Meet The Women Thriving In Male-Dominated Industries
- Business school cohorts strive for gender equality, but do graduate career goals reveal divide?
- Five women share their personal success stories in male dominated industries
- It’s clear women still face challenges in male dominated industries – but things are improving
Slowly but surely the number of women studying at business schools is on the rise. We are seeing more MBA programmes come, somewhat close, to gender parity, with over half of the top 100 ranked MBAs by the Financial Times having at least a 40% female representation in 2022.
In the Graduate Management Admission Council’s (GMAC) Women and Business School report in 2020, it was also reported that around 47% of all test takers of the GMAT – the assessment that many business school students take as part of their application – were women.
According to GMAC’s 2022 Prospective Students survey, there was a huge range in the types of industries that both men and women wanted to step into post-graduation. Men typically were more likely than women to want to work in industries such as consulting, finance, technology and manufacturing, whilst women were more likely than men to want to work in roles such as marketing, communications, advertising and the non-profit sector.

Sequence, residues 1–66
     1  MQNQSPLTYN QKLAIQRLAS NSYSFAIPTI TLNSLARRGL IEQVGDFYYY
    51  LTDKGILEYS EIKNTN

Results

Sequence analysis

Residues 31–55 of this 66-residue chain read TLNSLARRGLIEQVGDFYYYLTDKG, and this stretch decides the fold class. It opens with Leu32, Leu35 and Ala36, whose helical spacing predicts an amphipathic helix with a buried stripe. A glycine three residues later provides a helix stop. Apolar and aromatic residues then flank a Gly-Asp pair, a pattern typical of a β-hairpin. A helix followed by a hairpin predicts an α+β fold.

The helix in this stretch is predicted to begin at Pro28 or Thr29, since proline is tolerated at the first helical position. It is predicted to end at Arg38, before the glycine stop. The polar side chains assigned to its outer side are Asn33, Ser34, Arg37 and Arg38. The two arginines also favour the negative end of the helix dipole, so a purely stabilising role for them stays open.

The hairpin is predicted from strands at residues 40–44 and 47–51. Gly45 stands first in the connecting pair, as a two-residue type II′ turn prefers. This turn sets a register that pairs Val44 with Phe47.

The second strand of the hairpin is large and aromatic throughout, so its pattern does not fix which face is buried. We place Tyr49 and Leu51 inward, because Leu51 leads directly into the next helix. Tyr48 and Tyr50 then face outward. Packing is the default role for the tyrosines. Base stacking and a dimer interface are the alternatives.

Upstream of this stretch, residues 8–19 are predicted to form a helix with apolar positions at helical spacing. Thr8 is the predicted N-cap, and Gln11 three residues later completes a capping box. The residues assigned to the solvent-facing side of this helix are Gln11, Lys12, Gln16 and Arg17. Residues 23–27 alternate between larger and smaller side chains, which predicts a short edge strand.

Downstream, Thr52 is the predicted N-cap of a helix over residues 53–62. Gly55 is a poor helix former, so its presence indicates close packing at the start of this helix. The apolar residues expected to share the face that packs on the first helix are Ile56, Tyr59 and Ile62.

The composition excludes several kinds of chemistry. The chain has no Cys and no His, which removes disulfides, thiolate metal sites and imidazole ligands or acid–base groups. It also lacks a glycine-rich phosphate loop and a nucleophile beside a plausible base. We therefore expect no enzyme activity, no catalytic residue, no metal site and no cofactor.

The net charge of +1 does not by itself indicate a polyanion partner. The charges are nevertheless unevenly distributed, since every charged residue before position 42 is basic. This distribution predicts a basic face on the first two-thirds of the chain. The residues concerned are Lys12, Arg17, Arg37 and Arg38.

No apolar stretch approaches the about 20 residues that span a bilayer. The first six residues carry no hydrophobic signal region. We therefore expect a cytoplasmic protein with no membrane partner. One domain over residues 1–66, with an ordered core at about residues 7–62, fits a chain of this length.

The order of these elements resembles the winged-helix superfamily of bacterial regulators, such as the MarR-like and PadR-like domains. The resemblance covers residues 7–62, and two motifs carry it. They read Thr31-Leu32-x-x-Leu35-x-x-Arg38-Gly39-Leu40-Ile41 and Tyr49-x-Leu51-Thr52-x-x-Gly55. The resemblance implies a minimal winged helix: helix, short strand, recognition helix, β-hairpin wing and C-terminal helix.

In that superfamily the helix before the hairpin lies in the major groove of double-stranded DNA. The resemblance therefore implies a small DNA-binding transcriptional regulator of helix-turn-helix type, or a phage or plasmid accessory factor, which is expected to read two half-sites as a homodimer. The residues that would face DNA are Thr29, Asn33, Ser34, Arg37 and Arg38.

But despite this, there are greater pushes for gender diversity in these sectors, not only for the want of improving parity, but the need for a greater diversity of voices and perspectives within these industries.
Here we look at five successful women bucking this trend and thriving in what have been typically male-dominated industries, showcasing those who have become successful despite perhaps facing greater barriers, challenges and even potentially discrimination in their field.
Mariza Tsakalerou – Assistant Professor of Engineering and Management at Nazarbayev University